If you’ve already nailed down an in-person interview…
Ask the principal or assistant principal for stats and metrics
It’s perfectly reasonable to ask an administrator for metrics on student demographics and performance (e.g. State test scores, student growth in reading and Math) in addition to stats that tell you about what the rest of the staff is like (e.g. % of staff with Masters degrees, % of staff of color, average number of years of experience). Asking about these metrics will not only tell you who you’ll be working with, but who you’ll be working for.
Talk to school staff who aren’t teachers
One of the best sources of information is the school security guard or school secretary. They see everything that goes on, and generally have a good pulse on how well a school runs. Usually during an interview, you’ll have the chance to wait in the office or to greet different types of staff at the door. Use this opportunity to have a casual conversation -- sometimes these casual chats are a good way to get information on how kids interact with teachers, and how the administration handles issues.
Ask to speak to teachers and students
If you’ve already talked to the principal or hiring manager from the school, but you still want to know more, it’s perfectly reasonable to ask if you can speak to teachers and students there. While students and staff members at the school might be a bit guarded about their responses, they’ll still likely reveal what they value about the school and what they’d like to see improved.
Look at how the teachers and administrators talk to students
One of the most telling signs of how a school works is how school administrators and teachers treat kids. Pay attention in the times you’ll be walking through the hallways during the interview and watch how teachers talk and interact with students. Are they super strict? Are they listening to kids’ concerns? Are they checking in with kids to see how they’re doing? Observe those interactions and think about if you’d be comfortable interacting with kids in the same way, and whether you respect the way the adults in the building treat kids.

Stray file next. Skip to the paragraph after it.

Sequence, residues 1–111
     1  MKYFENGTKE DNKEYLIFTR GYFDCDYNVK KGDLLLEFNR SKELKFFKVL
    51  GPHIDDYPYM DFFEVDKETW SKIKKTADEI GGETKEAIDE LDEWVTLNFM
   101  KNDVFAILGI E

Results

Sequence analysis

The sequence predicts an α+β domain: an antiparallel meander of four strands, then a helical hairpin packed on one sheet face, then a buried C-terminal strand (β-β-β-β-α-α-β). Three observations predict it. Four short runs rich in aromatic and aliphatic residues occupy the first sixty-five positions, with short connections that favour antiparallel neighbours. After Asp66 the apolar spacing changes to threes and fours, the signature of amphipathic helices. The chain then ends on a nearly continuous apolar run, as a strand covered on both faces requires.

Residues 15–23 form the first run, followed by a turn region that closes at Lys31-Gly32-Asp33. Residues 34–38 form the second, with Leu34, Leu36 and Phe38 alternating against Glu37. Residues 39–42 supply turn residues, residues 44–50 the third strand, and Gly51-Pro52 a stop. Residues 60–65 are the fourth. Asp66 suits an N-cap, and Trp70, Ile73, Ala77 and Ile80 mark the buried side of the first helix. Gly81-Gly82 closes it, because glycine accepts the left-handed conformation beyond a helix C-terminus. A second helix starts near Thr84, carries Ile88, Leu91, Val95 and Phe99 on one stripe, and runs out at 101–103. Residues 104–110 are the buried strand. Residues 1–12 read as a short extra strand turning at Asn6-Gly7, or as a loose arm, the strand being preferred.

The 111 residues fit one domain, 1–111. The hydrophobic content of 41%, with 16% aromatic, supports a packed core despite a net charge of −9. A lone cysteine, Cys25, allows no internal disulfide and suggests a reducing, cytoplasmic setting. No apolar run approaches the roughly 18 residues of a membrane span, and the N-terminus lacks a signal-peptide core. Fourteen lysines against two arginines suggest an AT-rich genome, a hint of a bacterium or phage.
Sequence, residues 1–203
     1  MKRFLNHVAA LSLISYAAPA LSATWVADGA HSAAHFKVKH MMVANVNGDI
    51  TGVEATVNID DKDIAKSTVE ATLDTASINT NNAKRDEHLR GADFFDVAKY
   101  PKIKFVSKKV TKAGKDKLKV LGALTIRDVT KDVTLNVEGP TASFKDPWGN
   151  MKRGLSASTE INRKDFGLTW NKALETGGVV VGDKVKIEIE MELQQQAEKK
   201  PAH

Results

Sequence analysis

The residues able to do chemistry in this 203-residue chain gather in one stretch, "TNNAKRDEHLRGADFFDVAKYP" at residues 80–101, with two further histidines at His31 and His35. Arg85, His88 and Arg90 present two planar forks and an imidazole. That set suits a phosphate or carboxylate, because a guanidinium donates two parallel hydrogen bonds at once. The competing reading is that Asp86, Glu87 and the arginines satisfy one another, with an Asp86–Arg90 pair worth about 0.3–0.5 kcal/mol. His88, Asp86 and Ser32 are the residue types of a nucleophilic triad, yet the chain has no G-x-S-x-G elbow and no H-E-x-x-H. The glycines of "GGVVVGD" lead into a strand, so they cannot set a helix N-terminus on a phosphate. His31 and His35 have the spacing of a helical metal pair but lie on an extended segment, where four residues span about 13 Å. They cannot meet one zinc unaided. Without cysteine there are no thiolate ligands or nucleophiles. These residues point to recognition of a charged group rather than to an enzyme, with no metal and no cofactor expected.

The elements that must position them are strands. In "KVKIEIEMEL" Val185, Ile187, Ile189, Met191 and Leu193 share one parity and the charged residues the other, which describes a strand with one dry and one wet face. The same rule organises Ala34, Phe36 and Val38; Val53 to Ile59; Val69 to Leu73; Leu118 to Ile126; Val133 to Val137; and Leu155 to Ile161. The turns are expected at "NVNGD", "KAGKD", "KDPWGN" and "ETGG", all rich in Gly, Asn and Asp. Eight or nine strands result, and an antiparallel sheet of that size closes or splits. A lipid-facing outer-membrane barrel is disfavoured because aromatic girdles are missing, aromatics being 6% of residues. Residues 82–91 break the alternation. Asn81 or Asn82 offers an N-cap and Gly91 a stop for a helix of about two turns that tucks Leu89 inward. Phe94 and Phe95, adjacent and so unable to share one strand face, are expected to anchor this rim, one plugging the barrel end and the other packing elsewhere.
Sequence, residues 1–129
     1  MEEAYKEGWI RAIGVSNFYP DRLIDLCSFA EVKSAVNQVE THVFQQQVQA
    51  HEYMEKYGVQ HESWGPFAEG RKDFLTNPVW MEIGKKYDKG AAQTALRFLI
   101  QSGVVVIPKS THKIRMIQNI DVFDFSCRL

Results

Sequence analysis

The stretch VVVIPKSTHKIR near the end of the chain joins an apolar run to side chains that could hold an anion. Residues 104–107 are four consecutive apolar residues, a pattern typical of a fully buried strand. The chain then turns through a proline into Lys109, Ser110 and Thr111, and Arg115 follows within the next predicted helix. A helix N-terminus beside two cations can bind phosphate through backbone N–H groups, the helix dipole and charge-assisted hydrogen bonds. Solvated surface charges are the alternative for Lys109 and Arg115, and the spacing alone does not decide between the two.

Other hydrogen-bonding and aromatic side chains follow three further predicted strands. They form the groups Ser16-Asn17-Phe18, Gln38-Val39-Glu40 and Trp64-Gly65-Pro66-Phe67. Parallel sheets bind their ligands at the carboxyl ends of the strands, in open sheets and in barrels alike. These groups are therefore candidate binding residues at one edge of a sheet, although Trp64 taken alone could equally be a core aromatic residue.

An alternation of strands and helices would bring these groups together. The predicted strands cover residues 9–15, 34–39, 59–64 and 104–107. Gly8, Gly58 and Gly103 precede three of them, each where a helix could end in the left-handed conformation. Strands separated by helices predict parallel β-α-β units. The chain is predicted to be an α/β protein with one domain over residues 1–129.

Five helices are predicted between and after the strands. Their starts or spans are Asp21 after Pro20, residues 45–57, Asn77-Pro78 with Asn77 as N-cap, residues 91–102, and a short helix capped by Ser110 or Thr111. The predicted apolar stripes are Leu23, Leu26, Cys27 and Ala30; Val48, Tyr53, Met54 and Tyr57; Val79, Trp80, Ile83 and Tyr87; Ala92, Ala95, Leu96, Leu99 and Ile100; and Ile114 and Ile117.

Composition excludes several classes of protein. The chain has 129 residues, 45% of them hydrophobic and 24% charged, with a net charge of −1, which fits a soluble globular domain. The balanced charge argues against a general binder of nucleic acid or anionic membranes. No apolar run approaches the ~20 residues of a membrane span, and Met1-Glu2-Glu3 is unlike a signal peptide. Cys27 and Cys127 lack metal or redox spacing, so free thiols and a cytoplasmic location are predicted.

While digging for information on schools can be a bit of work, it’s worth it. You spend a lot of time at school as a teacher. You should go the extra mile to research about a place you’ll potentially be spending most of your time, and to have an idea of what it stands for and how it operates.
Do you have other suggestions on how to do research on schools? Want to share a story about how you took the extra mile to learn more about a particular school? Email us at email@example.com -- we’d love to hear from you.
Selected helps teachers find jobs at schools they love. We offer a free school matching and career support platform for teachers that connects them with 1,100+ PK-12 public and independent schools in urban metro areas in the Northeast and West Coast, including New York City, NJ, CT, Philadelphia, Washington DC, Boston, and Los Angeles. Create a FREE profile and start speaking with hiring schools immediately!